The French are revolting. Just ask President Sarkozy.
Distressed South Africans take heart. There has never been a better time to play France. Just ask president Nicolas Sarkozy. They’re revolting.
Yesterday’s open training session in picturesque Knysna featured a furious argument, a player boycott and the resignation of their federation’s managing director Jean-Louis Valentin. That’s a fairly ordinary day for the French at this World Cup.
Group A at this shock-laden tournament will go down to the wire on Tuesday - but when the hosts play the 1998 World Champions, three points for either side won’t be enough if Uruguay and Mexico fight out a draw in Phokeang.
But even if go down in history as the first home nation to fail to emerge from the group stages, BafanaBafana would consider a final triumph over the French in Bloemfontein a major step in the right direction after their 3-0 defeat at the hands of Uruguay.
And a win for the Rainbow Nation might just be on the cards after the latest episode in the French soap opera.
Already riven by all kinds of divisions under outgoing coach Raymond Domenech, tension reached boiling point on Friday when Chelsea striker Nicolas Anelka was sent home by the French Football Federation.
Anelka was kicked out after French newspaper L’Equipe were told by a mole (“a traitor” if you ask Manchester United full-back Patrice Evra) what went on at half-time during last Thursday’s shock 2-0 defeat against Mexico. They said Anelka called Domenech “the son of a whore” in Polokwane. Anelka denied it and refused to apologise. Thanks very much Nicolas, and good night, said the FFF.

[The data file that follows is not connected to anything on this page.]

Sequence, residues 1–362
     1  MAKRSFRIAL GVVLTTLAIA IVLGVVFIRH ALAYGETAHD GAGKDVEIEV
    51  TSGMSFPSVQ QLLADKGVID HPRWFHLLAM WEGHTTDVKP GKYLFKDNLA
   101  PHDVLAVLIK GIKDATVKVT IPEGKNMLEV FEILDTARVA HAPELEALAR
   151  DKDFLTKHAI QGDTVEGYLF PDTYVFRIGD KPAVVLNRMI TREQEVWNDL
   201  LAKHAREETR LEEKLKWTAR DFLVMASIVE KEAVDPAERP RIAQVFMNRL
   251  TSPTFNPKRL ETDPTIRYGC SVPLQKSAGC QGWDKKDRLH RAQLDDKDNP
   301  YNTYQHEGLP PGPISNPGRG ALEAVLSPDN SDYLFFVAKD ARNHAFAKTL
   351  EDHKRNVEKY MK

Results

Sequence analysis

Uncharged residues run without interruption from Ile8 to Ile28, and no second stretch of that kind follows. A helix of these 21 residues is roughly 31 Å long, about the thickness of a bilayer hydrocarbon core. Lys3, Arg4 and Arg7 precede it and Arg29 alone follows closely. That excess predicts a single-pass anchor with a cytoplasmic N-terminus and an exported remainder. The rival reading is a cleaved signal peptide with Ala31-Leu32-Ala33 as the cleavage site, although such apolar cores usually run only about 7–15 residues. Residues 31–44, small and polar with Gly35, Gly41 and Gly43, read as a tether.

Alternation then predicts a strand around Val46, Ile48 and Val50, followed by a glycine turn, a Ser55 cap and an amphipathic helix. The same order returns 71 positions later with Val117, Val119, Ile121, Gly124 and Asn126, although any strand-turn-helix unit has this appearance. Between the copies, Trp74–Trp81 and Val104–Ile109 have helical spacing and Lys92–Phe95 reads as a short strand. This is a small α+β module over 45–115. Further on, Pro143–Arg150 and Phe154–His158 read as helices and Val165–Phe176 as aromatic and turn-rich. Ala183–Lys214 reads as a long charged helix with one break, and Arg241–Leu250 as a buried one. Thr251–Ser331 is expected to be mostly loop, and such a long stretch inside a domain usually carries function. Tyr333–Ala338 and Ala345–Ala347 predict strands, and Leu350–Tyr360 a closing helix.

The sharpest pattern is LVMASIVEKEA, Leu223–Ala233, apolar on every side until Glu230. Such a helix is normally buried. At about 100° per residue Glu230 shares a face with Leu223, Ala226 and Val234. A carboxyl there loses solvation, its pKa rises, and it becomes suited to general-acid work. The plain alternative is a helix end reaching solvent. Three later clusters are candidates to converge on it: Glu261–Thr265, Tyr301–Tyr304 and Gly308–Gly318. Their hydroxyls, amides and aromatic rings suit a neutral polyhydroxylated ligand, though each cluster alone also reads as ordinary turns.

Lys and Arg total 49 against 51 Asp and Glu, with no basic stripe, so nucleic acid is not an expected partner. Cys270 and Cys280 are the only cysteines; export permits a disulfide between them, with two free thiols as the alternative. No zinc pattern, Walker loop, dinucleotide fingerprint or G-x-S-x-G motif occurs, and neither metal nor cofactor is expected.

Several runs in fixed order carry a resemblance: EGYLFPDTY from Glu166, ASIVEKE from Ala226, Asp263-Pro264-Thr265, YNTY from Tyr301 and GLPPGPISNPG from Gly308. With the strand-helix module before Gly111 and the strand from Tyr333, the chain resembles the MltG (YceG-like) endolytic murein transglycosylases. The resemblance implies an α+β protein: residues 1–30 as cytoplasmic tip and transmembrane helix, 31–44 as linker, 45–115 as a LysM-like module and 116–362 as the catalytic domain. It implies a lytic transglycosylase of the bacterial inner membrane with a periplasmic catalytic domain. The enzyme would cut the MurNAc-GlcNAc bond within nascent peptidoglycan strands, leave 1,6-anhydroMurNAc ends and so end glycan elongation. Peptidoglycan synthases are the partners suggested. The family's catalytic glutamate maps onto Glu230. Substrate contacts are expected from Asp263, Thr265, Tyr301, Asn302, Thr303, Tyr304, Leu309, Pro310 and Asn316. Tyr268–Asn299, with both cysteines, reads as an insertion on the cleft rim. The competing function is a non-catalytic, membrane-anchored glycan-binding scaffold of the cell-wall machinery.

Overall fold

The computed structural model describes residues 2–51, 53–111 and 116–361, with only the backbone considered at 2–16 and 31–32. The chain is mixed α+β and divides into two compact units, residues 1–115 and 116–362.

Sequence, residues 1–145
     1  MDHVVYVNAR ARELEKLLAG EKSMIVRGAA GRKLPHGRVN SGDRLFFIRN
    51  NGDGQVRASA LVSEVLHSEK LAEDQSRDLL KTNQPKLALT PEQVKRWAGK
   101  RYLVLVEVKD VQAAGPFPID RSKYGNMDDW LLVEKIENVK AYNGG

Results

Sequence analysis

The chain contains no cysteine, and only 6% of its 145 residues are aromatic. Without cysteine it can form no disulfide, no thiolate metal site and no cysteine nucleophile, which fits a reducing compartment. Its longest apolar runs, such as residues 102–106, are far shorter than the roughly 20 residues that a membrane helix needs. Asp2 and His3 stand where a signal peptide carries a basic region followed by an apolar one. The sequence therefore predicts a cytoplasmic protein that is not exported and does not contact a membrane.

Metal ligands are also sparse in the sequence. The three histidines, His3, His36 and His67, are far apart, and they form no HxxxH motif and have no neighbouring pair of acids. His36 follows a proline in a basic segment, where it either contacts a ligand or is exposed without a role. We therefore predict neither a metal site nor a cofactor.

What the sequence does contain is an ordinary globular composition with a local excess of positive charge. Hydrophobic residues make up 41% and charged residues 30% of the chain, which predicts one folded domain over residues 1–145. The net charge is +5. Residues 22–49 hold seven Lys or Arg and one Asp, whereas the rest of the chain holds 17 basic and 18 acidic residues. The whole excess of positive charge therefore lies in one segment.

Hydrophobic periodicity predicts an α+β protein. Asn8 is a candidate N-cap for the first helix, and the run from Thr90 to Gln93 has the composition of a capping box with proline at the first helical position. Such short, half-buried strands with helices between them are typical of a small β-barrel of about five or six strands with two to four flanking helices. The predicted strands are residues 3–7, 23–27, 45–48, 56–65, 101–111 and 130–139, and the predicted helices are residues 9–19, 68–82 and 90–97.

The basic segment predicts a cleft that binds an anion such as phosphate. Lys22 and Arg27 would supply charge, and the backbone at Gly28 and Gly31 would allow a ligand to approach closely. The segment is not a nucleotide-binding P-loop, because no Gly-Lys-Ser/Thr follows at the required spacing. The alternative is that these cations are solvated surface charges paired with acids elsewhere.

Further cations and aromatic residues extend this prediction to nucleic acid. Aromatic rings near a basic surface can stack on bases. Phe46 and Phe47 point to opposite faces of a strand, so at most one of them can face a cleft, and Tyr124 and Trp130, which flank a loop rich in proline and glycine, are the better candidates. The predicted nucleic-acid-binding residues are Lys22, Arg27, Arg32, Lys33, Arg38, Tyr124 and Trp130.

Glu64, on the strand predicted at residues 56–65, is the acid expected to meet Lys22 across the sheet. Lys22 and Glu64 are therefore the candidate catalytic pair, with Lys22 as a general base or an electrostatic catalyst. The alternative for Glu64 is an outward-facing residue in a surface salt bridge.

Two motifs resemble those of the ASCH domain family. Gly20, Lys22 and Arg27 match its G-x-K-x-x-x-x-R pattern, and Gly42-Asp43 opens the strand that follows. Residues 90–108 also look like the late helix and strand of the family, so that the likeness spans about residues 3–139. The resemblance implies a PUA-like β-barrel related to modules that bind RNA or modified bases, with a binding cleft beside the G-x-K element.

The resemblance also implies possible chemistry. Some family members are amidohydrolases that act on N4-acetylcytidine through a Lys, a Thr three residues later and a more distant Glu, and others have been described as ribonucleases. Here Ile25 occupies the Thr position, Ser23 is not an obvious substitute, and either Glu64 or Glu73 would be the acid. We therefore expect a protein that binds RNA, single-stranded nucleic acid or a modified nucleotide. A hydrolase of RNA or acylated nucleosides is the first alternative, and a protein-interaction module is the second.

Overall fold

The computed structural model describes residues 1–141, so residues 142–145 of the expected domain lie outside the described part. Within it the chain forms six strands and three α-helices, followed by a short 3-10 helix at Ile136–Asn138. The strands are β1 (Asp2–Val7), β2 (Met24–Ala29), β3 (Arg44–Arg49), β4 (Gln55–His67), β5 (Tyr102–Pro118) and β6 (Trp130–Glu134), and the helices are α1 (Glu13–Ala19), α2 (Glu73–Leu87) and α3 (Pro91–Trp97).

But today, after walking off the training field, the squad released a statement saying: "The players are unanimously against the French Football Federation's decision to expel Nicolas. But we will do everything individually and in a collective spirit against South Africa in Bloemfontein on Tuesday.”
And off they toddled. Revolting. Not that training was going particularly well anyway. Everything shuddered to a halt when captain Patrice Evra and fitness coach Robert Duverne had to be pulled apart byDomenech.
Duverne angrily threw his stopwatch away in an untimely outburst... and departed. The players decamped to the team bus before releasing their statement.
Then FFF boss Jean-Louis Valentin added to the chaos, announcing: "They don't want to train, it's a scandal. It's a scandal for French people, for the youngsters who came here to watch them train. I'm resigning, I'm leaving the Federation. I have nothing more to do here. I'm going back to Paris."
Asked if he was l’Equipe’s mole, a clearly distressed Valentin replied "no, no, no".
President Sarkozy’s advisor Henri Guaino said: “It's no longer football, it's no longer sport, it's no longer a team but I am not convinced that a political intervention would solve this kind of problem."
England’s John Terry, who is not revolting, added his opinion on team-mate Anelka just to help matters. Ignoring for a moment his side’s appalling showing at this World Cup so far, the former captain said: "Nico is a really good guy and he is a great player as well. Before he came to Chelsea, there was a lot of negative stuff written about him. But you won't find a better man in football.
"He is someone who is very quiet and been in the game a long time and knows his football. If he had something to say to me, I would stand up and listen."
Neal Collins is in South Africa to complain about England's performance and promote his first novel A GAME APART. See www.nealcollins.co.uk.